The billionaire ruler of Dubai is now facing opposition to his plans for a massive development at his Highland retreat which has been likened to a “Travel Inn”.
Sheikh Mohammed Bin Rashid al-Maktoum is currently seeking planning permission for another 37 bedrooms at Inverinate, Wester Ross.
His architects say the family’s trips to Inverinate have been “limited by lack of accommodation” – despite already having 30 bedrooms there.
The sheikh has made the application to Highland Council through his company Smech Properties Ltd, which has submitted plans for two more lodges – one for 19 bedrooms, another for nine – as well as a nine-bedroom house.
With multiple wives, 23 children, numerous relatives and a large entourage of bodyguards and servants, Transport Scotland is already concerned over the wear and tear to the local road caused by the sheikh’s future trips to his Scottish Highland hideaway.
It wants the sheikh to detail how often he and his regal retinue are planning to head north and what the “cumulative traffic impact” will be.
Architectural designer Jonathan Mennie is among those who have written to the council about the developments to register “my strong objection.”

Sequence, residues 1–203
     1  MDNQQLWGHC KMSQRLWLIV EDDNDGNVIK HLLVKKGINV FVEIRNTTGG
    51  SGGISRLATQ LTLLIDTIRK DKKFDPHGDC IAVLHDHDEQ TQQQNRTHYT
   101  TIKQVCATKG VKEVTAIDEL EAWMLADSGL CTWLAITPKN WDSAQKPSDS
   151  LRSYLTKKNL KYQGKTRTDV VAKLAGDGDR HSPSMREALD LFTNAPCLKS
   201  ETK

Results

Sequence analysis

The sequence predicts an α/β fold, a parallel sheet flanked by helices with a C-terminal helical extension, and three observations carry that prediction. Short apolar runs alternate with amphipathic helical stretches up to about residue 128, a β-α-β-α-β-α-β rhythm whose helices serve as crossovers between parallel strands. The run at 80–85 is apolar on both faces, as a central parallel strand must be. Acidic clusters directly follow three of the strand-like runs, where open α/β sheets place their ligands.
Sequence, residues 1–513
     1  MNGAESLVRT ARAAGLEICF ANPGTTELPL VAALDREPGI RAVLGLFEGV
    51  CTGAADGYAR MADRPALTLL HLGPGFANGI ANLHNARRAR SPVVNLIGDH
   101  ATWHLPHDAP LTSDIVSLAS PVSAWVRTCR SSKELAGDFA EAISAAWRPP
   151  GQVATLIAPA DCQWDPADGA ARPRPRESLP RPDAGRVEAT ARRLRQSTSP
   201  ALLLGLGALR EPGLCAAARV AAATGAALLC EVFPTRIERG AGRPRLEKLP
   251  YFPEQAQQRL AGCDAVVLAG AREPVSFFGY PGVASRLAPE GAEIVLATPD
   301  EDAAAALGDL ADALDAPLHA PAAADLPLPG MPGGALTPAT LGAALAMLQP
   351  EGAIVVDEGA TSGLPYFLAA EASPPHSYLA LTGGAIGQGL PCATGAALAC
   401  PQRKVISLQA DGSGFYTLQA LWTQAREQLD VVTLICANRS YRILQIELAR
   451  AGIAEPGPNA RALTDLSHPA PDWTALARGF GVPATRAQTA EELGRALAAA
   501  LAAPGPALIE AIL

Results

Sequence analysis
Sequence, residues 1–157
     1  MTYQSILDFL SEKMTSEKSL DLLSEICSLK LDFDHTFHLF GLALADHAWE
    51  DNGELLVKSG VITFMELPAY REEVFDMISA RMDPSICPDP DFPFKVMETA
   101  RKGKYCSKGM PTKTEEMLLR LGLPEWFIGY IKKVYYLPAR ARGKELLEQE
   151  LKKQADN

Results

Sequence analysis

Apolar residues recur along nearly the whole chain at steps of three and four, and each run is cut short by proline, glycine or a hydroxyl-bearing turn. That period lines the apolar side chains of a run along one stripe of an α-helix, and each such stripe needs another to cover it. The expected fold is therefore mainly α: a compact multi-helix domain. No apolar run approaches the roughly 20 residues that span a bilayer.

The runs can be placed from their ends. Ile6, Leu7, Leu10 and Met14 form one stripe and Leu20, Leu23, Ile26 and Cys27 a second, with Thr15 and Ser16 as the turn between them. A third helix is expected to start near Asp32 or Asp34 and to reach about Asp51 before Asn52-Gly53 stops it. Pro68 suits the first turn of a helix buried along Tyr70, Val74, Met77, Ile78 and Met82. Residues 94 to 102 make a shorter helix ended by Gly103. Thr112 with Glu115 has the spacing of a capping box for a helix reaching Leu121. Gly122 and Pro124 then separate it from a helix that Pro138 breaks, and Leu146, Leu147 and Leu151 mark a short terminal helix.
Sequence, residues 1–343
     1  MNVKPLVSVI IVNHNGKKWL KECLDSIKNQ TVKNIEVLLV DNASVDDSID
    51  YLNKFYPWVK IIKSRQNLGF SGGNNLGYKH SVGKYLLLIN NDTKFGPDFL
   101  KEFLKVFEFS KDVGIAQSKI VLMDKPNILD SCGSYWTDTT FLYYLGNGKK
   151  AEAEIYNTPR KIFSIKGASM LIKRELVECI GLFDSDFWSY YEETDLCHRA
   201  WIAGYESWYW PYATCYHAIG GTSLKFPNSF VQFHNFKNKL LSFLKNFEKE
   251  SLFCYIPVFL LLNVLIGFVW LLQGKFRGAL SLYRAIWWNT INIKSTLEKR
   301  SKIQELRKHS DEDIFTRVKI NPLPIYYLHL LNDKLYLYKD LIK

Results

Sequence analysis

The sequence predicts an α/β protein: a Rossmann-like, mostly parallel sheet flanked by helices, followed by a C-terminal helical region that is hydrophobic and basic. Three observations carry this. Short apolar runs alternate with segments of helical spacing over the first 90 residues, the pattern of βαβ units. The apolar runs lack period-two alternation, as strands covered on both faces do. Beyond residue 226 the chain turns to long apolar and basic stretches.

The sheikh, who has an estimated $18 billion (13.73 million) fortune and is founder of the Godolphin racing stable, bought the 63,000-acre estate more than 20 years ago for a reported £2 million.
In an accompanying design statement, Inverness-based Colin Armstrong Architects, acting on behalf of the sheikh’s company, reveal:”The owners of Inverinate Estate typically travel in large groups of immediate and extended family and friends.
“In recent years their travel to Inverinate has been limited by lack of accommodation.
It has now made some layout alterations to the Ptarmigan lodge after a site visit with a council officer.
Around Inverinate he is well-liked, employing several local people. He built a community centre, gifted land for a day care centre and sheltered housing and gives venison to the elderly.
Local councillor Biz Campbell said earlier this year: ‘It’s only when the family come that the helipads are used. It’s dead quiet otherwise. He’s been brilliant for our community – I wish there were more like him.’